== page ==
Justin Trudeau just taught Jeremy Corbyn the perfect lesson in how to deal with the media and awkward questions

One of the key factors in Jeremy Corbyn's rise to leader of the Labour party has been his staunch opposition to all things "establishment".

Popular moves among a seemingly large section of the electorates have included denouncing the banks, refusing to sing the national anthem and arguing for a grassroots political movement, but one of the biggest targets of Corbyn's disdain has been the so-called "mainstream media".

His leadership has so far been studded with instances that highlighted his frosty relationship with the media - from cancelling interviews at the last moment to shunning national television appearances in favour of local constituency meetings and obstinately refusing to answer questions when repeatedly asked about the lack of women in leading roles in his shadow cabinet.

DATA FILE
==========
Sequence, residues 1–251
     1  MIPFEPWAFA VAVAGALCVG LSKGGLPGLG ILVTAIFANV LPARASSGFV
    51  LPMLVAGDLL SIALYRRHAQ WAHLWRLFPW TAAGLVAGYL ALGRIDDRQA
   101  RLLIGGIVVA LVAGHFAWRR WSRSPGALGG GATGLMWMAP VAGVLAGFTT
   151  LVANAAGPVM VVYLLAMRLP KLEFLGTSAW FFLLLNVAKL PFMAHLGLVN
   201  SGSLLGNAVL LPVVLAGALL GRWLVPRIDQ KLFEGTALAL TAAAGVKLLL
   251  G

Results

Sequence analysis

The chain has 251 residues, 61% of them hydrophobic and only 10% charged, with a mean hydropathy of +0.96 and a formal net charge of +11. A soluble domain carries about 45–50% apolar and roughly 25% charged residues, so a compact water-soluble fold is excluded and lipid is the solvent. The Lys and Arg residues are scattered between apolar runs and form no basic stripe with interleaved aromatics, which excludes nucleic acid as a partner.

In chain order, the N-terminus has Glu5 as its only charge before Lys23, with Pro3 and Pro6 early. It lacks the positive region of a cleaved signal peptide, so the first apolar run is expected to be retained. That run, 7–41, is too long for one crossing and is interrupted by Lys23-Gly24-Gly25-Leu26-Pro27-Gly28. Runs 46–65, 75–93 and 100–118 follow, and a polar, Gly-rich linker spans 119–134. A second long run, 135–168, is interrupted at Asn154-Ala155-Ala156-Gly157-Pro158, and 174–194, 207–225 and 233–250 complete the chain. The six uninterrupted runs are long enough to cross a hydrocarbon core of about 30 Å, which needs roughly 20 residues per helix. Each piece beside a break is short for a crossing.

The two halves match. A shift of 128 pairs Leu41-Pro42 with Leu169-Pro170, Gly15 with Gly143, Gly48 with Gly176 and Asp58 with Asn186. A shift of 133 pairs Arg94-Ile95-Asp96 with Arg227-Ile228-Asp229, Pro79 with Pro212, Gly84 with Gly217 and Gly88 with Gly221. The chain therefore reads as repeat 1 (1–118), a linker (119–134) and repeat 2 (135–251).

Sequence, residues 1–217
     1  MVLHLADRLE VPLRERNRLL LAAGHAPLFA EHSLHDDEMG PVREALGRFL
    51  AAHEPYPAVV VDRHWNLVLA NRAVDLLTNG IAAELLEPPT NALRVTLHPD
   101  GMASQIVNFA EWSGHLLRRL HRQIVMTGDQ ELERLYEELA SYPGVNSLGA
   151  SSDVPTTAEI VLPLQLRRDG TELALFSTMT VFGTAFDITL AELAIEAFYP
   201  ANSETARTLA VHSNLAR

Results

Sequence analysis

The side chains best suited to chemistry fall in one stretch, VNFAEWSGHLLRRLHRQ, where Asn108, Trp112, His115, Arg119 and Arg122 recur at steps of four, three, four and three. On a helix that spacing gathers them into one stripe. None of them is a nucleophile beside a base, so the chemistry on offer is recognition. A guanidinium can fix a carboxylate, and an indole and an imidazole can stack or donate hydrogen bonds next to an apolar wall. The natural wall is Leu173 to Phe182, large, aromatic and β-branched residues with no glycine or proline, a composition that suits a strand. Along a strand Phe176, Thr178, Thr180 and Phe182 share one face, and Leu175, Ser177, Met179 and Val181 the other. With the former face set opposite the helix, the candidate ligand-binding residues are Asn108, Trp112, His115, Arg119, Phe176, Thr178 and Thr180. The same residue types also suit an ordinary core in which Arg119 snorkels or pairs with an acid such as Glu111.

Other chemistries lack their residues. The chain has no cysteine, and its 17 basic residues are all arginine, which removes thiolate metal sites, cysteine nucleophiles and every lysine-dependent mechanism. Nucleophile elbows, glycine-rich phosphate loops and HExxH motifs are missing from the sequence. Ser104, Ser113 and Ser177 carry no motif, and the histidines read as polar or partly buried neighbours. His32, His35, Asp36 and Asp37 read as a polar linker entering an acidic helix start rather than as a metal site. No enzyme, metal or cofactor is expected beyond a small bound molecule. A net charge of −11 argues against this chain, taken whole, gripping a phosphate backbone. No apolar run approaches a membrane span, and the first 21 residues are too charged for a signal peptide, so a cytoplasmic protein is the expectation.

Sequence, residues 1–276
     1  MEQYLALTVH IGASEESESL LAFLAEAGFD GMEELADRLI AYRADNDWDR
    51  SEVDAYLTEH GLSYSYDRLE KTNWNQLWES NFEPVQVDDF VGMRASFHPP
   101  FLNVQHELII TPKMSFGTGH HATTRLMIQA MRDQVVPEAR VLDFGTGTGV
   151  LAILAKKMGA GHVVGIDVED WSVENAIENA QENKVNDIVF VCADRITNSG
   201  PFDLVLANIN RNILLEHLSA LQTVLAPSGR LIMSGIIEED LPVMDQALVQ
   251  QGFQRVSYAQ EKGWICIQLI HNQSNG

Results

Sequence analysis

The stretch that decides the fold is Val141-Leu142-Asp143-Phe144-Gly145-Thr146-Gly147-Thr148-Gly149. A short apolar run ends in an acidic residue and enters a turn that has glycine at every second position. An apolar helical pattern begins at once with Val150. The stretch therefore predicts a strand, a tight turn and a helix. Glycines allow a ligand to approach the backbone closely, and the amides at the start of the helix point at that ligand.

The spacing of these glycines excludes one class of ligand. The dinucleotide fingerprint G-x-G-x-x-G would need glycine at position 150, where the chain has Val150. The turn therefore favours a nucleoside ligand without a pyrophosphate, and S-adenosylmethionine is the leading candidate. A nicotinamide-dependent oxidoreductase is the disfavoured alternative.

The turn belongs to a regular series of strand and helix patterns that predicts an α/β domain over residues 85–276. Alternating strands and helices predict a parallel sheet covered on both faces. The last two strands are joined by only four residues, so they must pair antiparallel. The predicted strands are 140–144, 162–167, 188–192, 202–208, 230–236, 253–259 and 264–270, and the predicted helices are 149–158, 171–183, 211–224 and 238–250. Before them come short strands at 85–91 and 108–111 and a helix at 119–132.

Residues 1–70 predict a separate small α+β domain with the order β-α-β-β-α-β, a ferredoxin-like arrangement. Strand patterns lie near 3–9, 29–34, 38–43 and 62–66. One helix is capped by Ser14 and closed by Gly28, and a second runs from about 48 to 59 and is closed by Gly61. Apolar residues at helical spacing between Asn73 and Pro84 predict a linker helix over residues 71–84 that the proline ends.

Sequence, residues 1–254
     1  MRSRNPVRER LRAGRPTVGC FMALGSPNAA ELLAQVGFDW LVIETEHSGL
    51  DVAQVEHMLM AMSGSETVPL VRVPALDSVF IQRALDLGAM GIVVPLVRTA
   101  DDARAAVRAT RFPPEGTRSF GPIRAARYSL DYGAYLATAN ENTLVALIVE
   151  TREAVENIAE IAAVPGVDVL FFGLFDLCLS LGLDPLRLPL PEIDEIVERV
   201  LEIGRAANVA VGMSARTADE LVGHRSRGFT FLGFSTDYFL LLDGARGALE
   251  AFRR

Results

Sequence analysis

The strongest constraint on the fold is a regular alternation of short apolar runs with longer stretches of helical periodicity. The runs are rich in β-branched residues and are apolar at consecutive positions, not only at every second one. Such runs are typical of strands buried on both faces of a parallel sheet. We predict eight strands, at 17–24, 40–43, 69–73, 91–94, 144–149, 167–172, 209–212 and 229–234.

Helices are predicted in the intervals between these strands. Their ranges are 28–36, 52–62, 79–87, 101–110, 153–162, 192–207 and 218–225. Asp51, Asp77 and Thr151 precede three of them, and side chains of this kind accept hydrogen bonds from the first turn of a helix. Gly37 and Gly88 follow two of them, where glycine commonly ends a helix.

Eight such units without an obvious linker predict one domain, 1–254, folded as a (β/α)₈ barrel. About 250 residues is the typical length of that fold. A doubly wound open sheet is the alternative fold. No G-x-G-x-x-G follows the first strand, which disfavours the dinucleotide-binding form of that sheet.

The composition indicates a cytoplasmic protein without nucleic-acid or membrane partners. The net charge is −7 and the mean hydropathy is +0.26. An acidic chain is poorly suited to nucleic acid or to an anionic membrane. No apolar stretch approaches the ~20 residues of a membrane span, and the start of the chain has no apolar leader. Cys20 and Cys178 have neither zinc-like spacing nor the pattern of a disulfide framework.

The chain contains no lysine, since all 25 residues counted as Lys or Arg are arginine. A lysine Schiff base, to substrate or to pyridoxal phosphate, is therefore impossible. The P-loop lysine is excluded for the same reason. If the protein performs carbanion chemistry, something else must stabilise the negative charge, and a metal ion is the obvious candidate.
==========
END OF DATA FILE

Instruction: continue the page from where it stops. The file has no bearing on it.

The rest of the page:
But riding a similar wave of left-of-centre optimism on the other side of the Atlantic is newly-elected Liberal party prime minister Justin Trudeau.

In the build-up to his election, Trudeau's campaign chief Dan Gagnier was forced to resign after it was revealed that he had written an "inappropriate" letter to people in the energy industry advising them on how best to lobby the government.

When Trudeau was asked about the controversy in a press conference, his supporters - like the most fervent of Corbynistas - jeered and heckled the journalist in question.

But Trudeau, rather than refusing to answer the uncomfortable story, gave a sharp response to his supporters, snapping:

Hey! We have respect for journalists in this country. They ask tough questions and they're supposed to.

Justin Trudeau responds to heckling by supporters

"Hey! We have respect for journalists in this country. They ask tough questions and they're supposed to."Justin Trudeau had a sharp response Thursday for Liberal supporters who heckled a reporter asking him about the resignation of his campaign co-chair. Dan Gagnier quit after it was revealed that he wrote a letter to staff at an oil company about how best to lobby a new government for the Energy East pipeline http://www.cbc.ca/1.3272049

Posted by CBC News on Thursday, 15 October 2015


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